The effects of progress: Automation and ethics

Innovation leads to progress, but is the outcome always a good one?

Foxconn, the world’s leading contract electronics manufacturer is set to aggressively cut over 10,000 jobs from its panel arm Innolux as they replace workers with robots. A new report by PwC illustrates three waves of automation: The algorithm wave (automation of simple computations), the augmentation wave (automation of repetitive tasks), and the autonomy wave (automation of complex problem solving). Up to 23% of all workers in almost all industries will be replaced in the augmentation wave set to boom in 2020, with females being more heavily affected than males, whilst males will be the most affected overall once all three waves complete.

The issue of automation stems further into the idea of what it means to live in a society. Self-driving cars and Amazon’s no-checkout supermarket reduce human interaction which ultimately leads to greater loneliness, a problem the UK has deemed to be serious enough to hire a Minister of Loneliness.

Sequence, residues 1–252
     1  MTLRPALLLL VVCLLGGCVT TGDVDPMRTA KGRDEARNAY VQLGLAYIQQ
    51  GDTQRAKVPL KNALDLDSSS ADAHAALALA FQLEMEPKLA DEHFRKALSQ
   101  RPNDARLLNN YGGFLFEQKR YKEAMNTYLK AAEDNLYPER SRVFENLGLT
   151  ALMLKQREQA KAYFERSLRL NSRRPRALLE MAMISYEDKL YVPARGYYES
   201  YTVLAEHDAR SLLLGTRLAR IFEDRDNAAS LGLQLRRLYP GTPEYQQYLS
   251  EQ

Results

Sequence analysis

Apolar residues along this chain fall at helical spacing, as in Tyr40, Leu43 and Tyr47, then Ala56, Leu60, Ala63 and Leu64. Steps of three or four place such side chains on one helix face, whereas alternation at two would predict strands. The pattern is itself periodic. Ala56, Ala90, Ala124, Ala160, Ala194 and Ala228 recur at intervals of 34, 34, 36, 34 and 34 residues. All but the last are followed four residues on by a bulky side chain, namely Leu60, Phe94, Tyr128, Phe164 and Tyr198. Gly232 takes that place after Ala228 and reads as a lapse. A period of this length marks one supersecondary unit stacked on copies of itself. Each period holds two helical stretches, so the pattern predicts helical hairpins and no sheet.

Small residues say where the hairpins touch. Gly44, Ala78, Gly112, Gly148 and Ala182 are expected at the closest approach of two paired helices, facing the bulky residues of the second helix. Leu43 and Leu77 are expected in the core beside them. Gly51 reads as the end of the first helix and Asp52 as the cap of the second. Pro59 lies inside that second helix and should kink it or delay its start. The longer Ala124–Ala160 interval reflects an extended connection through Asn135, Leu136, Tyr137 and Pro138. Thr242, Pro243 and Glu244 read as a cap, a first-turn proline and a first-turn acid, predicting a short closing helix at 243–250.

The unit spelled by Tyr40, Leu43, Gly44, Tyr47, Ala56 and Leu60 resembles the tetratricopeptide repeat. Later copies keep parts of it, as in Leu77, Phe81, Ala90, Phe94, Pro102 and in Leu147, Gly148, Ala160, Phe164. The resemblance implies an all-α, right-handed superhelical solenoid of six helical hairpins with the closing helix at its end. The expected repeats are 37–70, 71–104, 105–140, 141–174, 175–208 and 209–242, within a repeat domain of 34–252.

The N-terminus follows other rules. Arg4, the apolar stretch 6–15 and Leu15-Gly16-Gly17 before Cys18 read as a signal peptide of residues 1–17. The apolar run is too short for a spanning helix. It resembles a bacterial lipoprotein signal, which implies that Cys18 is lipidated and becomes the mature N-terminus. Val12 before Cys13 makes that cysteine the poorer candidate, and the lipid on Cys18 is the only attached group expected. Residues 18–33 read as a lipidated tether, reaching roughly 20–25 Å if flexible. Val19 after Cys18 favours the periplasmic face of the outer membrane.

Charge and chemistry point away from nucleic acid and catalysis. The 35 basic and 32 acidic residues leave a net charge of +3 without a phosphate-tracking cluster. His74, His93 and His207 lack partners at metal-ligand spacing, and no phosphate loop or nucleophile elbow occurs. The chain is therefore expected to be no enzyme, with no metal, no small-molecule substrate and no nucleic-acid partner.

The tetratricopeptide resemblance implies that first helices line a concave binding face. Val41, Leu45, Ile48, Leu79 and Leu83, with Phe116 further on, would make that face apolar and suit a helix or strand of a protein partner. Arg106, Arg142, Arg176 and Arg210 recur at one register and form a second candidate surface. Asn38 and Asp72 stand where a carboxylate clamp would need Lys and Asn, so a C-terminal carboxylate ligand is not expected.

Read more: Nikkei Asian Review / PwC / Quartz / MIT Tech Review / The Conversation

Image: ColiN00B / CC0-1.0 – Robot bulb trying to unplug

This story is taken from the 9 February 2018 edition of The Warren Centre’s Prototype newsletter. Sign up for the Prototype here.